This blog post was co-written by Lawrence Grigorescu.
There’s no question that data and analytics are crucial for a company’s success. In fact, according to a survey by McKinsey, organizations with the greatest overall growth in revenue and earnings state that their data and analytics initiatives have contributed at least 20 percent to earnings.
Given this reality, at Colliers, we are ushering in a new data-driven culture for building products that support more than 15,000 real estate professionals across the world.
In this blog post, we’ll show you how we’re pioneering an analytics-driven culture by combining the speed of development of OutSystems and the analytics insights of Pyze.
But first, let’s start from the beginning.
If you haven’t heard about it yet, Pyze is a cross-platform analytics platform that provides data intelligence to help organizations understand the business impact of their software projects.
By integrating Pyze into your application, you can identify improvement points on your user journey, act upon them, and increase user adoption and engagement, and development efficiency.
Pyze does this by providing you data to understand how many users complete each step, how much time they spend on each step, and get a deeper understanding of why users abandon workflows before completion.
At Colliers, we have the vision to make it easy for anyone in our organization to build applications that unlock new business efficiencies. To achieve this, we are developing a software stack that includes OutSystems modern app development platform for building applications and Pyze for usage insights and process analytics.
While Pyze gives us insights on how to improve the user experience, OutSystems provides us with speed to quickly move from idea to production and quickly change and incorporate user feedback on-demand.
Creating a Data-Driven Culture at Colliers: How It Started
Last year, as we were developing a large-scale enterprise system, it became apparent that there was an important set of mobile users with an inconsistent usage pattern. They were often on the road, accessing our systems intermittently, and lacked the muscle memory to recall how the applications functioned. Moreover, they needed to access data across multiple business systems.
We had an idea to develop a specific application to bring insights to them on-demand. We hypothesized that users would adopt and adapt to this type of interaction model, which was a departure from traditional patterns of accessing corporate systems.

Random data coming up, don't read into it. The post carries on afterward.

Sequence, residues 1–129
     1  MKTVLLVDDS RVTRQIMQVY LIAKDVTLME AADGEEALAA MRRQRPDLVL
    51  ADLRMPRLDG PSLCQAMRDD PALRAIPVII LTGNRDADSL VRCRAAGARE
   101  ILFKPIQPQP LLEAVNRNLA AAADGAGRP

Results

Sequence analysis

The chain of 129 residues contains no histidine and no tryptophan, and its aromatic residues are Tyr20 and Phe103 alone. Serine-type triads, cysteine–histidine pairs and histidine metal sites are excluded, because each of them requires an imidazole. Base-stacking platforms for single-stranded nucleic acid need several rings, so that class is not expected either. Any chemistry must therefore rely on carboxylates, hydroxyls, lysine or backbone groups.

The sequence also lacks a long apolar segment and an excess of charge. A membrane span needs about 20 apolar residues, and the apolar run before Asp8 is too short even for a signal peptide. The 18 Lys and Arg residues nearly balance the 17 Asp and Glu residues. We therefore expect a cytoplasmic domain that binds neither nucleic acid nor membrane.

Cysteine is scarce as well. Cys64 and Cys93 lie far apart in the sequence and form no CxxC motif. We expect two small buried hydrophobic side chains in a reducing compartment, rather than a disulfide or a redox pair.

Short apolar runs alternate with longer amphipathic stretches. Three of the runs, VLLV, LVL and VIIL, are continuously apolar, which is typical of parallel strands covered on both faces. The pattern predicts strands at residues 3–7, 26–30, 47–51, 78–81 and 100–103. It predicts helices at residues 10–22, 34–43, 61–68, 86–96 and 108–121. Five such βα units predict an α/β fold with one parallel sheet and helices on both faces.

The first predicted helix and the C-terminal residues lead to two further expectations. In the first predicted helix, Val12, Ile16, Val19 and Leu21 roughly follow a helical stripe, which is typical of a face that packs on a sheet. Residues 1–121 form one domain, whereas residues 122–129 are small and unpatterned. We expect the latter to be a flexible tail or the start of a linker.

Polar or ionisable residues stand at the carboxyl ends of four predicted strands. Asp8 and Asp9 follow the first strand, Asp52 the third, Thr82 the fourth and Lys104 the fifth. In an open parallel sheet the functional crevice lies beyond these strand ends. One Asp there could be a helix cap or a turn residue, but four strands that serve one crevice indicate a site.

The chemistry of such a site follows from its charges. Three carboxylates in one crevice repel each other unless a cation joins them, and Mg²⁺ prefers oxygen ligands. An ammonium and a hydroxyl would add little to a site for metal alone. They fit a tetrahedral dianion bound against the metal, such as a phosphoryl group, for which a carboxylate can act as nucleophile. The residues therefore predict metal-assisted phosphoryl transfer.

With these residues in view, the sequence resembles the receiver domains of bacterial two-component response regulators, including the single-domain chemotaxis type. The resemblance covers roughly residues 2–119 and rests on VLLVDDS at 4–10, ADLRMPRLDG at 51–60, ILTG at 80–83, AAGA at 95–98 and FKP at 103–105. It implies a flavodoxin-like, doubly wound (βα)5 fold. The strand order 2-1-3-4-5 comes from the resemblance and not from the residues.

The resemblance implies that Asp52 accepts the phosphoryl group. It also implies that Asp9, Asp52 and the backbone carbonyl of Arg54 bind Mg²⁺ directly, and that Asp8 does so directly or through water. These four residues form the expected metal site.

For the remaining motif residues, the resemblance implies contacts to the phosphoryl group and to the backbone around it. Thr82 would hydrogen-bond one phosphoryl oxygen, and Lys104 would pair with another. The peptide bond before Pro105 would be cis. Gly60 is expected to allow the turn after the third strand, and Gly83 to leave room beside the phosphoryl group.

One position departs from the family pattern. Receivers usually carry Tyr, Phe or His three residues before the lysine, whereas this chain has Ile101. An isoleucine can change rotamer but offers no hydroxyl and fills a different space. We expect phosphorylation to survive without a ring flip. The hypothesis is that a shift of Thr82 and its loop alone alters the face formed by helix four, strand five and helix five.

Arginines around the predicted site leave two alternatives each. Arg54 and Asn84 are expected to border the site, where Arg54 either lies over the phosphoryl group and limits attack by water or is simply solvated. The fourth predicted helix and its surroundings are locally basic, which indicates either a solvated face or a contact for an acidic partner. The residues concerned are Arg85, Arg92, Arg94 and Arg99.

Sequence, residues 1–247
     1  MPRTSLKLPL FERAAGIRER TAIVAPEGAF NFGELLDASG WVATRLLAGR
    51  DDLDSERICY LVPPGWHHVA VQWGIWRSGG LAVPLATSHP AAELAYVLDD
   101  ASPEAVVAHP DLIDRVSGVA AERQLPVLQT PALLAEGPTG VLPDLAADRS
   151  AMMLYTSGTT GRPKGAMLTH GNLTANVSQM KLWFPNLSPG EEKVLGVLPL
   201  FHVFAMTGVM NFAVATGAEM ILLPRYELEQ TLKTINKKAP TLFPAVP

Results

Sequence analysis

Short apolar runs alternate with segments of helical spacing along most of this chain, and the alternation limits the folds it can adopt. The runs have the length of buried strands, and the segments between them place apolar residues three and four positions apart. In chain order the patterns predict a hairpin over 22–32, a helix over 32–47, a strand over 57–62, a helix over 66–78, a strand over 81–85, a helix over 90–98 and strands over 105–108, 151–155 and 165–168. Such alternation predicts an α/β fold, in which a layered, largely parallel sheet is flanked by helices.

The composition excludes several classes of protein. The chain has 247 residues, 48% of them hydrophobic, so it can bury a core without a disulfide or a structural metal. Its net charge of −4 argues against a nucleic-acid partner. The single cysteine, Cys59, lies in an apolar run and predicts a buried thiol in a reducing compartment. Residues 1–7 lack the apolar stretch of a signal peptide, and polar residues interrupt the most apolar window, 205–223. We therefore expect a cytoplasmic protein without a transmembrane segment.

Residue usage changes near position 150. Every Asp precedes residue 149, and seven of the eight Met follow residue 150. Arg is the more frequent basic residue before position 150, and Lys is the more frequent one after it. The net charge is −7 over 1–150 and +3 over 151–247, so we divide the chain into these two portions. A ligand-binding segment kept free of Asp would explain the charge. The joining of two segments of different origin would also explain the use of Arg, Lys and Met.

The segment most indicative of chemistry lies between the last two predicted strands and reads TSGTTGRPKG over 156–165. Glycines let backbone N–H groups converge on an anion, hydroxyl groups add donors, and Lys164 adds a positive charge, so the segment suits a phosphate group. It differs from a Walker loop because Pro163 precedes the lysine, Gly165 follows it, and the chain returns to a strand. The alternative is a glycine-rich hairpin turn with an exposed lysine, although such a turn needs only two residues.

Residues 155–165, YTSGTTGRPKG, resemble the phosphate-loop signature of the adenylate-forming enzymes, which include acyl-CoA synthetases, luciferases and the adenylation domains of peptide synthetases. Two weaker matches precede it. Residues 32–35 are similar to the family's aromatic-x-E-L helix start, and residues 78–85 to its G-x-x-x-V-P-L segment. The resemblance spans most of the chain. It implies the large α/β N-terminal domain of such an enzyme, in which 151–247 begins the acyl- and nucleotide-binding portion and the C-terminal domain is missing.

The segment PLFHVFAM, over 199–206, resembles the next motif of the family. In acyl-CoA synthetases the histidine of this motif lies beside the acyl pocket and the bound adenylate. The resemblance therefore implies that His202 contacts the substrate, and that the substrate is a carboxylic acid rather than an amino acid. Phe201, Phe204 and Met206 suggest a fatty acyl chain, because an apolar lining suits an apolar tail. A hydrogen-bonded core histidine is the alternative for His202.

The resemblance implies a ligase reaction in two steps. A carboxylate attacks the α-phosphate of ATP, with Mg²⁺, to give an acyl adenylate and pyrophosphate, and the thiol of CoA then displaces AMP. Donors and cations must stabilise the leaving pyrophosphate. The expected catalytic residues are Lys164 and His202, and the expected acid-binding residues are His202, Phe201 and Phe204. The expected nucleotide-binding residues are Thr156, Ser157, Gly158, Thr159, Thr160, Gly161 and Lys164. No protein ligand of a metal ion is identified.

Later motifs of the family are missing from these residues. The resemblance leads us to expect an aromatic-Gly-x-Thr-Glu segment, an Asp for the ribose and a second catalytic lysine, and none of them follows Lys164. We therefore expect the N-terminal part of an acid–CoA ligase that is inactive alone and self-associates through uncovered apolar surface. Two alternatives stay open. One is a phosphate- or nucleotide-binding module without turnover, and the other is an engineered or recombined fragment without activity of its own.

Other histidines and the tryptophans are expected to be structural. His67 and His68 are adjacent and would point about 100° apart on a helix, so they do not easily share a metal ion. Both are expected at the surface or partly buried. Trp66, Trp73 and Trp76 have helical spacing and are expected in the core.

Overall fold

Harnessing our enterprising culture, we opted to focus on developing a skeleton structure to test our hypothesis and let the business value guide future development, rather than starting with a business case based on heavy requirements.
We worked with a small set of users to validate our hypothesis and clarify the business value. We used XD and Balsamiq to create wireframes and acquire user feedback, and then we partnered with OutSystems to build a limited proof of concept that we used to engage with users to further assess business value.
If You Can Measure It, You Can Improve It
Once we validated the capabilities, we released a prototype to one department. We connected Pyze to understand the features of interest to our people and their pathways through the application. Through Pyze, we learned early on that users were only accessing the app once or twice a month. Based on usage data, we focused on capabilities that would drive daily relevance.
One particular case stands out. The product team was quite excited about a “Live Roadmap” feature that we wanted to use to communicate updates and new features. As a result of low engagement, we removed it very quickly, and it was easy to do so.
Numbers Don’t Lie
Given our startup mentality, we focused on features that would drive adoption and engagement. As we started to roll out the application broadly across more departments, we used the data from Pyze that demonstrated our growth and patterns of engagement to make the business case to senior management for investment resources.
The application is now a reality, it's growing, and we continue to nurture it. In our journey, it was essential for us to stay in touch with users and get regular feedback. Because we could share email addresses and user role information with Pyze, we easily saw which users were using new features and reached out to them directly for constructive feedback. This helped us develop the right set of features to build greater business value.
North Star Metric Is the Guiding Light
Our 2021 North Star metric is engagement. We continue to need solid analytics to measure user interaction with the application and ensure we’re consistently delivering daily impact.
The Pyze dashboard is the first thing we look at on most mornings to track daily, weekly and monthly engagement and adoption trends. Depending on the analytics, we are able to keep the roadmap fluid to build the features necessary to achieve our goals.
The Path Forward
Measuring the business value of each application project is a fantastic way of ensuring we’re investing in the most impactful projects. This means we’re left with only ones that demonstrate value.
At Colliers, we like to view our applications as an ecosystem of capabilities. We are excited to continue leveraging Pyze to not only understand the value-based metrics of each application, but also how users interact across these capabilities and business processes. This is how we will continue to innovate and create differentiation in our industry.
Learn more about how OutSystems and Pyze can help you increase user engagement on this page. Or visit the OutSystems marketplace and give the Pyze Analytics Plugins a try!